Friday, February 6, 2009

[Fiction] Friday: Blackest Black

This week's challenge from Write Anything's Fiction Friday prompt:
"Write about a Valentine’s Day without mentioning these words: Valentine’s Day, Cupid, love, roses, hearts, flowers, February."

It’s all black. My mood, the music in my ears, the vibe I’m emanating as I walk down the street to pick up my coffee. This morning everyone gives me a wide berth. It feels good.

The coffee is black – long and black. And that’s how this day feels, stretching out before me.

I’m oscillating between pretending it’s a day like any other day, ignoring the blokes carrying naff presents they would never normally be seen dead with or going in hard from the denial angle – which in my mind, as I scald myself on the coffee – is a completely different perspective.

“Someone die?” pipes up a voice from the sea of cubicle as I step out of the elevator alone. Late again. Immediately I regret taking my earphones out and unhappy that I need my last sick day this month to go to a concert next weekend.
“Not yet! But if you keep up with the daft questions you can go straight to the head of the line.” It sounds like I’m talking to myself because I don’t address the reply to anyone in particular
“Touchy touchy.”

There’s a murmur, that breaks behind me like a wake but I pay no attention. Black was a bad choice this morning. I wanted to be impassive but my shade of black is brooding and volatile. It makes it look to others like I care, when I promised I wouldn’t let this day get to me. To react is to be complicit and I want to distance myself from all of this consumerist crap and false sentiment.

I stride faster than usual down the walkway that divides accounting from stock control. There’s a proliferation of twee balloons floating above some desks and a floral scent laces the air, competing with the usual mix of foul aftershave, overpowering perfumes, coffee and someone’s runners.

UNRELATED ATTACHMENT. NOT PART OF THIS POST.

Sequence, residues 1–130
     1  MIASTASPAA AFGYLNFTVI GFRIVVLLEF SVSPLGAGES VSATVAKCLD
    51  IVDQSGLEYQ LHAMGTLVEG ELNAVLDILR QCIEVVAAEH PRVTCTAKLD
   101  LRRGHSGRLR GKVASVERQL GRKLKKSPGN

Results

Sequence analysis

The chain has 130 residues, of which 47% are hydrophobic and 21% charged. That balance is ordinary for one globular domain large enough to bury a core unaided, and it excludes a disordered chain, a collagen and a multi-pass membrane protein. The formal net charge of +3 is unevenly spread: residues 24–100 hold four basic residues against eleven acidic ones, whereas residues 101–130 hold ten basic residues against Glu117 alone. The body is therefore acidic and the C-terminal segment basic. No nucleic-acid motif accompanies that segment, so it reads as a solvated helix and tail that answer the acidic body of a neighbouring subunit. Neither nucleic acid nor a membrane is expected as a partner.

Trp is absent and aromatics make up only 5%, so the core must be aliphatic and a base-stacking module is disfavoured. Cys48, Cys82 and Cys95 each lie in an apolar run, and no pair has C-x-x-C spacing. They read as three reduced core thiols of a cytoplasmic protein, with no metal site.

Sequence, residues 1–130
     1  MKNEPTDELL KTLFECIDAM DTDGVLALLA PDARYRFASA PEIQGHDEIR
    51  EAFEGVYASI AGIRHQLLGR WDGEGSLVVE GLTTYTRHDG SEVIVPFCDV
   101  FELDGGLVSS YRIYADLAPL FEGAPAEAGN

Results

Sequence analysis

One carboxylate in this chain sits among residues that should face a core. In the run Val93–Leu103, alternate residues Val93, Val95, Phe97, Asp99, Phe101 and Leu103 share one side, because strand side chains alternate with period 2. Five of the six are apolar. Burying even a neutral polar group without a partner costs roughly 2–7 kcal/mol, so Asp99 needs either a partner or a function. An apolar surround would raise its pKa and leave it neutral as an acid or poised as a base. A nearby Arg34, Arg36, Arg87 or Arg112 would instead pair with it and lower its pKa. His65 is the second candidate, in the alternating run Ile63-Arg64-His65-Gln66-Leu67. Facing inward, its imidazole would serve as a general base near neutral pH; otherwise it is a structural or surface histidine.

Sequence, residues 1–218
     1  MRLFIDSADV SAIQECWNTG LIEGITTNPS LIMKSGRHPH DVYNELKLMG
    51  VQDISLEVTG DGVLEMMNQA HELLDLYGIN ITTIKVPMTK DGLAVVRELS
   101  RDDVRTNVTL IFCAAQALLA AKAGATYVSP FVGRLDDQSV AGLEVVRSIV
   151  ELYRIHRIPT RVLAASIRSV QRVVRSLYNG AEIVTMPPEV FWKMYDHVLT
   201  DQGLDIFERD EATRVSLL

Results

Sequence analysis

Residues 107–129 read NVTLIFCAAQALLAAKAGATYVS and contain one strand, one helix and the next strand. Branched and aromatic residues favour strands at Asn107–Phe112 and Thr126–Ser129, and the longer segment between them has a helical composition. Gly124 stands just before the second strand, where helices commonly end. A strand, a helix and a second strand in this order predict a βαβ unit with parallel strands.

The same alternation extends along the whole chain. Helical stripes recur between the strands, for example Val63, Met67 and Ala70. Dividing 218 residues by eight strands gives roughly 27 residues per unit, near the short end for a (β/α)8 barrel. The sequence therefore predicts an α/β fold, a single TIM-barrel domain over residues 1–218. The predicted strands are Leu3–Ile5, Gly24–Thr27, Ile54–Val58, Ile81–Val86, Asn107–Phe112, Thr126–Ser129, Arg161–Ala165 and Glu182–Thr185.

My desk is just as I left it yesterday. And I start to breathe again. A neat, but small pile of papers in my tray, the out tray is cleared. A half melted blue candle sits to the side of monitor and I can see where I’ve traced the runes in my own spit on the screen to keep my computer humming. Slumping into my seat I feel as though my morning ritual is somehow wrong today. I don’t want to manifest abundance today, just a rock to slide under and wait until the date flicks over to the 15th.

There’s a squeal of delight somewhere in the sea of desks and I jam the earphones back into my ear sockets, turning on the computer and watching the flickering screen.


I wonder if grey would have been a better colour – or beige. Nothing happens when you think beige. I’d bore myself into a stupor and fall asleep at my terminal.

As I’m opening the top drawer a too familiar face appears at the top of divider. A face with acne so bad I gave up eating pizza after I started work here.

“So?” Even though the Rolling Stones “Painted Black” is scorching my ears I know what he’s saying. He’s got the eager anticipation of a puppy and I visualise sinking my high heeled foot into him and listening to him yelp. He motions for me to take out my earphones and for a minute I pretend, like I do every morning, to not understand what he’s asking me to do.

“So?” he repeats for my benefit when I finally relent and take the music buffer away.
“So what?”
“Graeme I’m busy.”
“You haven’t even typed your password in.”

My fingers fly over the keyboard to rectify the situation.
“As I said I’m busy.”

He hangs over the top of the four foot temporary wall and stares at me. A large, angry pimple stands to attention on his chin looking as though it’s aiming to blow in my direction. I cringe back, trying to work out the possible trajectory of the pus.